High but not dry
Engaging new book about marijuana avoids the dullness trap
Published: August 22, 2012
For the most part, this is a lively and informative book. Readers get to know details from a couple of the handful of patients who do receive 300 U.S. government-grown medical marijuana joints a month (that seems like an awful lot, especially given that the official policy states there is no medical use for the substance), groove with the Grateful Dead and wander the hills of California's Emerald Triangle, where much of the state's marijuana is grown. More than anything else, you find that Lee's closing words ring true: "To ponder the history of marijuana in America is to embark upon a political landscape so illogical as to be perverse, a world where facts don't count and common sense is ignored."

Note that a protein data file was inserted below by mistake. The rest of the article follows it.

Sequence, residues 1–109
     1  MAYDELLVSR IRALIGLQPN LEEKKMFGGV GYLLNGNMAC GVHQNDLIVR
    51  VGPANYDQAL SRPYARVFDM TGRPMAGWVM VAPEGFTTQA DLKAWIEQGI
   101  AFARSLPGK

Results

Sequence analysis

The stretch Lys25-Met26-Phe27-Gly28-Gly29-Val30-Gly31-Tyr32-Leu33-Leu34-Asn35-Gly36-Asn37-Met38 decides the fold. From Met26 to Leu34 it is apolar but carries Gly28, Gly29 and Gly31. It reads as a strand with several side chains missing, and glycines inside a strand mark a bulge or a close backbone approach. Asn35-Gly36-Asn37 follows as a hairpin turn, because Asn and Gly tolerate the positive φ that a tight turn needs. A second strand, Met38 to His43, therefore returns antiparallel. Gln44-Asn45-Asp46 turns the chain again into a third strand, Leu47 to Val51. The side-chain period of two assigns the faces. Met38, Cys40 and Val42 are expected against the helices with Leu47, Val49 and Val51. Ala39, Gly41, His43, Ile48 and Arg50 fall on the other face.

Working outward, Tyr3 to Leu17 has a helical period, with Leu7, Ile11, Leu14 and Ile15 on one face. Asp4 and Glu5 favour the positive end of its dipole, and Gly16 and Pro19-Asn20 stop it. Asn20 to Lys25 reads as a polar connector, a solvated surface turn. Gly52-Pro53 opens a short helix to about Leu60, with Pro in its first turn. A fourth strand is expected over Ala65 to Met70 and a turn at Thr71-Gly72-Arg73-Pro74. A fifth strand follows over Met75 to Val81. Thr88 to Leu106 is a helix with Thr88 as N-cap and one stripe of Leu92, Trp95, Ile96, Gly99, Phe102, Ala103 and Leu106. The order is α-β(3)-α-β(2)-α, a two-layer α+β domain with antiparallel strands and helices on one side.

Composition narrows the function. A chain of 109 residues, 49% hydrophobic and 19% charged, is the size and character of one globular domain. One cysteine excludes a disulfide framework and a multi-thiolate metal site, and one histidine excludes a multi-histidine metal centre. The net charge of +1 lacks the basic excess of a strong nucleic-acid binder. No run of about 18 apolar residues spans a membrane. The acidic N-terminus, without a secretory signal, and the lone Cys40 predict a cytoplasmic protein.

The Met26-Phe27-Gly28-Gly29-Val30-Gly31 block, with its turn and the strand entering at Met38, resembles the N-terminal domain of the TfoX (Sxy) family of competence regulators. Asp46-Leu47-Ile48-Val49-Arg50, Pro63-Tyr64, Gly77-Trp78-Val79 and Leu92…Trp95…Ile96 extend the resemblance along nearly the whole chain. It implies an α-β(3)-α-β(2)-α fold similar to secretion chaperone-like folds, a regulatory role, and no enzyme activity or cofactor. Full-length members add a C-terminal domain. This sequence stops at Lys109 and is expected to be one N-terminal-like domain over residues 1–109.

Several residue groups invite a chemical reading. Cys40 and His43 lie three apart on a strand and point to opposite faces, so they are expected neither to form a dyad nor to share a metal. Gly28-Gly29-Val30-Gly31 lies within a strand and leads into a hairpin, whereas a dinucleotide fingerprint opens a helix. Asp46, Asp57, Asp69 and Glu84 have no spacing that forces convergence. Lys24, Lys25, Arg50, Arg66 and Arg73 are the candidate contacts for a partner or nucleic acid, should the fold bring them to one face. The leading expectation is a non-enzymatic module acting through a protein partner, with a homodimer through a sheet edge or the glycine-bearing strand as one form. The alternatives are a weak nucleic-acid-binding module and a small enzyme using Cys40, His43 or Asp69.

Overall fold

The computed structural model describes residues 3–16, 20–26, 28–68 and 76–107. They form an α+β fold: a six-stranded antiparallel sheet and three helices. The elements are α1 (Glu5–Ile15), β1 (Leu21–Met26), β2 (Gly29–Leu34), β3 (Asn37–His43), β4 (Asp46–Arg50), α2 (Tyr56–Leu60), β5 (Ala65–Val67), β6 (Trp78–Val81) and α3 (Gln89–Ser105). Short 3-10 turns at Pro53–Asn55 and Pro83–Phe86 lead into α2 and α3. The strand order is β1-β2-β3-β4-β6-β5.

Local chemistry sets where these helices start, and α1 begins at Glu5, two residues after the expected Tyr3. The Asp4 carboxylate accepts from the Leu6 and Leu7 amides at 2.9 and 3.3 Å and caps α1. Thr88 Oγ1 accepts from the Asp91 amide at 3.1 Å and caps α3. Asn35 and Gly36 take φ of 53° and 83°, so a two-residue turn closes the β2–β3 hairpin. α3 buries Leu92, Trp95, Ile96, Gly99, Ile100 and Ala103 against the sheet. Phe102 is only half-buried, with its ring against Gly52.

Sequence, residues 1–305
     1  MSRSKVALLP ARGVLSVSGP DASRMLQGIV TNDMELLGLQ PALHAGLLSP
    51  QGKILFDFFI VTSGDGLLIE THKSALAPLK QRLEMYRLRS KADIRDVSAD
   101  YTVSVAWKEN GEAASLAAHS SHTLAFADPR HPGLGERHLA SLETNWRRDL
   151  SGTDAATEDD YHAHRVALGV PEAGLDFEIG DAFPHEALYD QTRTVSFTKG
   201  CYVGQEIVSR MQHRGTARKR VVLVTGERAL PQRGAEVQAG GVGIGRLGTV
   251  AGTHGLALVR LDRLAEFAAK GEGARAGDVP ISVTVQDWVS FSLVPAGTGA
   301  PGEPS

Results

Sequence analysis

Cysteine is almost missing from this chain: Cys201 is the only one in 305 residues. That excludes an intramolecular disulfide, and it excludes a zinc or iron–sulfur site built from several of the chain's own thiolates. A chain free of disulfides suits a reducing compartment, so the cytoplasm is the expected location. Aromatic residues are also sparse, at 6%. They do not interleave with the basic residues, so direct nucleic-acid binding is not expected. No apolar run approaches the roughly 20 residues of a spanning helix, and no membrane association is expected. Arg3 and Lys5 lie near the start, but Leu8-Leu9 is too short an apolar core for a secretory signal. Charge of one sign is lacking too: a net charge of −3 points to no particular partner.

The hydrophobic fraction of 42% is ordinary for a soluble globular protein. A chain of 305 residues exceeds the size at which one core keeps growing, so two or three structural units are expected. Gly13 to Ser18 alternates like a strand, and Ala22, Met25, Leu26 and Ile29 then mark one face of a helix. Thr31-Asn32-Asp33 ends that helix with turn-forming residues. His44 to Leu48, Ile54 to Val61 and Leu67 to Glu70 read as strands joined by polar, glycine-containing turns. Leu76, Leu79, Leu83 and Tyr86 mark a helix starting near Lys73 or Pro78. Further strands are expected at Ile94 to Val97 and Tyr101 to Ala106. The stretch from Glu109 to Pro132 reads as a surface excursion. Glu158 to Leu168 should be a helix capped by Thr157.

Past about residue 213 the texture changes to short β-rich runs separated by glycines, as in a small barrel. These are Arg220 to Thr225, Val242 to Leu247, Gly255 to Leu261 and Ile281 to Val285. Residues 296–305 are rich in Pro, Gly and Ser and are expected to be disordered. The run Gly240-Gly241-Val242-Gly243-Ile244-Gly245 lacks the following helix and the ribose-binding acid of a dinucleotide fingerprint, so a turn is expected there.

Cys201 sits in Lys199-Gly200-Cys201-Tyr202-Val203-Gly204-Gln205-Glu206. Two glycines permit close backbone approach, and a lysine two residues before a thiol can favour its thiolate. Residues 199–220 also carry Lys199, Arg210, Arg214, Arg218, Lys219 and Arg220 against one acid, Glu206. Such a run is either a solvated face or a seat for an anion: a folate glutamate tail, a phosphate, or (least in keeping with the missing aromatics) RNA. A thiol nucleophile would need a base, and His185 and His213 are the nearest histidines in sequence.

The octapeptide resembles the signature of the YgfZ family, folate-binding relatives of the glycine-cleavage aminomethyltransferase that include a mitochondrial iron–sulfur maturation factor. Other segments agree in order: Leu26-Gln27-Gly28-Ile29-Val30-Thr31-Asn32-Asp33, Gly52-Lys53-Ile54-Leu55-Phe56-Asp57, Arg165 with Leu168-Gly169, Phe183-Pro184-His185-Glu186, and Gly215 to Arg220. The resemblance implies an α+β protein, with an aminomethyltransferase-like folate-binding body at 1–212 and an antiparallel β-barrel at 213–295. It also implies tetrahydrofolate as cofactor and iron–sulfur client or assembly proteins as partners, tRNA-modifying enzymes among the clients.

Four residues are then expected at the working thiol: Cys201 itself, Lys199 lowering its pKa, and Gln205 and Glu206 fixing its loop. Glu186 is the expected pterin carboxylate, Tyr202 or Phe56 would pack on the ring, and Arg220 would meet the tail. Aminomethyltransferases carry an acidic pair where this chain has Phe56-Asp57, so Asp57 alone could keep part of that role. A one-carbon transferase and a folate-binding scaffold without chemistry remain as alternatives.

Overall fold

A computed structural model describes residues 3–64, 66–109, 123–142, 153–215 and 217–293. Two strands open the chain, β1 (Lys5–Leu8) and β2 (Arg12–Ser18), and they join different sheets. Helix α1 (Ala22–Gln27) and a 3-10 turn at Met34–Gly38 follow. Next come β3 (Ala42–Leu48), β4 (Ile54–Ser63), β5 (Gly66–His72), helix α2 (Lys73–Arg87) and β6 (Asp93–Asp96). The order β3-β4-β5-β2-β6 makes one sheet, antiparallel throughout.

Smoke Signals cuts through the haze to distinguish what's really there — from the hemp hyping in Thomas Paine's own Common Sense, to the experience of contemporary medical patients who know the relief of marijuana.
This November, folks in Detroit will be voting on decriminalization of possession of 1 ounce or less of marijuana for adults 21 and older. But that's not the only pot issue for state polls this year. Voters in Flint will decide on the same question for those 19 and older. In Kalamazoo, they will decide on whether to allow three medical marijuana dispensaries to locate in the city. In Ypsilanti, they will vote on an amendment to the city charter that would make possession and use of less than 1 ounce of marijuana a Lowest Law Enforcement Priority. Maybe the state of Michigan will add another chapter in the annals of marijuana activism.
Larry Gabriel is a writer, musician and former editor of Metro Times. Send comments to email@example.com.
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